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Specified allergenic ingredients Q&A

Prepacked foodstuffs must identify certain allergens on the label; there are 14 listed allergens, including fish and peanuts

This guidance is for England and Wales

There is a list of 14 specific food allergens including eggs, fish, peanuts and milk. In general, prepacked food and drink are required to have these specified allergens identified in the labelling. Where the allergenic ingredient is clearly identified in the name of the food (such as 'prawn cocktail') or it is similarly identified in the 'ingredients' list by the use of its name, no further information is required. 

When labelling, best practice advice is for plain language to be used in the listing of ingredients - for example, 'milk protein' rather than 'casein'.

In the guide

What are the 14 specified allergenic ingredients?

  • cereals containing gluten: wheat, rye, barley, oats, spelt, kamut and their hybridised strains
  • crustaceans
  • eggs
  • fish
  • peanuts
  • soybeans
  • milk
  • nuts including almonds, hazelnuts, walnuts, cashews, pecans, Brazil nuts, pistachios, macadamias, and Queensland nuts
  • celery
  • mustard
  • sesame seeds
  • sulphur dioxide and sulphites at concentrations of more than 10mg/kg or 10mg/litre expressed as SO2
  • lupins
  • molluscs

Which categories of food require specified allergens to be identified in the labelling?

The rules apply to prepacked food and drink in general, including alcoholic beverages, but they do not apply to certain fancy confectionery, food sold loose, food prepacked for direct sale, and non-prepacked food sold at catering establishments.

Which categories of ingredients are covered by these requirements?

All added ingredients and their components, if they are present in the finished product, even in an altered form, including the following:

  • carry over additives
  • processing aids
  • solvents and media for additives or flavourings
  • any other substances used as processing aids

How should the allergenic ingredient be indicated on the label?

Where the allergenic ingredient is clearly identified in the name of the food - 'prawn cocktail' for example - or it is similarly identified in the 'ingredients' list by the use of its name, no further information is required.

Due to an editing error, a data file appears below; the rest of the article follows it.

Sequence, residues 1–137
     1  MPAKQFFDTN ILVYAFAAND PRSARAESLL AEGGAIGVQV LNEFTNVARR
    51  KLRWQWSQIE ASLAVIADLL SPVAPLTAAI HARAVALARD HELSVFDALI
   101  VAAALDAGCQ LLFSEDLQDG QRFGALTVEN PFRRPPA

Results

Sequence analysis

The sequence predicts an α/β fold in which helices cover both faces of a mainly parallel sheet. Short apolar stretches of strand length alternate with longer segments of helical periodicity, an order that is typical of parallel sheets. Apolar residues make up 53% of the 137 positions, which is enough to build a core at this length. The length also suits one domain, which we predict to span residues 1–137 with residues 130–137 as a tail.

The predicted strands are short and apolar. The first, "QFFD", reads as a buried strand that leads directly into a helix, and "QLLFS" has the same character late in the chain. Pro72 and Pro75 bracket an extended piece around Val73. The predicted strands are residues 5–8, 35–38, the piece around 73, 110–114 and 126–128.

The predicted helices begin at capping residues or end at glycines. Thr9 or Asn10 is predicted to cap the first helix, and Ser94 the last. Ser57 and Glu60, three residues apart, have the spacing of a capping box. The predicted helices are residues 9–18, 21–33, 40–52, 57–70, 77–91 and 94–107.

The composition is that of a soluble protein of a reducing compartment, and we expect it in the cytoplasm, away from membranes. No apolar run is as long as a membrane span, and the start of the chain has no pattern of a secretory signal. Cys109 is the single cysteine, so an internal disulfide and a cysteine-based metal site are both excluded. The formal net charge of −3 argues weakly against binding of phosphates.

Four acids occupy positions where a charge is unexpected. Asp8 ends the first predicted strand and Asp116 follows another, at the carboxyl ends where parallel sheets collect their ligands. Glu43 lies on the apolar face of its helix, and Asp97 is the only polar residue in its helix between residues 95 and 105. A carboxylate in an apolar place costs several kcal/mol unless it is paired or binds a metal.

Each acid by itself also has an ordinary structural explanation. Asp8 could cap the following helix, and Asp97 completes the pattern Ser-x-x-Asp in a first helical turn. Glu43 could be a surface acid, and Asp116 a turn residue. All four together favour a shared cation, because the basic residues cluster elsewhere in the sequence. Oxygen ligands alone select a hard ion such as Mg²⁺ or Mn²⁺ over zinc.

Best practice advice is for simple language to be used in the listing of ingredients, such as 'milk protein' instead of 'casein'.

Dependent upon the space available in the ingredients list, the allergenic ingredient(s) can be identified thus - for example 'whey (from milk)', 'couscous (wheat)'.

Where more than one ingredient contains the same allergenic ingredient, it is acceptable to identify them by the use of asterisks linked to a single source ingredient at the end of the ingredients list - for example '* from soya'. However, where there is more than one source ingredient, such as soya and eggs, confusion could arise by using this method.

Alternatively, a separate 'allergens information' box/panel may be used to indicate which specified allergens are present:


Contains egg, milk and wheat

There are specific requirements for the composition and labelling of 'gluten free' and 'low-gluten products'. Further information on the labelling of 'gluten free' foods can be found on the Food Standards Agency website. These requirements apply to both packaged and loose food, such as that sold through catering establishments.

What about foods where ingredients are not normally listed?

For these types of product - such as cheese and yoghurt - best practice advice would be to declare the presence of the allergenic ingredient by the words 'contains milk' (for example).

What about other foods that are currently exempt from ingredients listing?

The allergen labelling rules override any exemptions that exist from ingredients listing for certain foods, including foods in small packaging and beverages containing more than 1.2% by volume of alcohol. The presence of any specified allergenic ingredient in these foods/drinks must be indicated by the word 'contains' followed by the name of the ingredient.

Key legislation

Please note

This information is intended for guidance; only the courts can give an authoritative interpretation of the law. Any legislation referred to, while still current, may have been amended from the form in which it was originally enacted. Please contact us for further information.

Last reviewed/updated: August 2014



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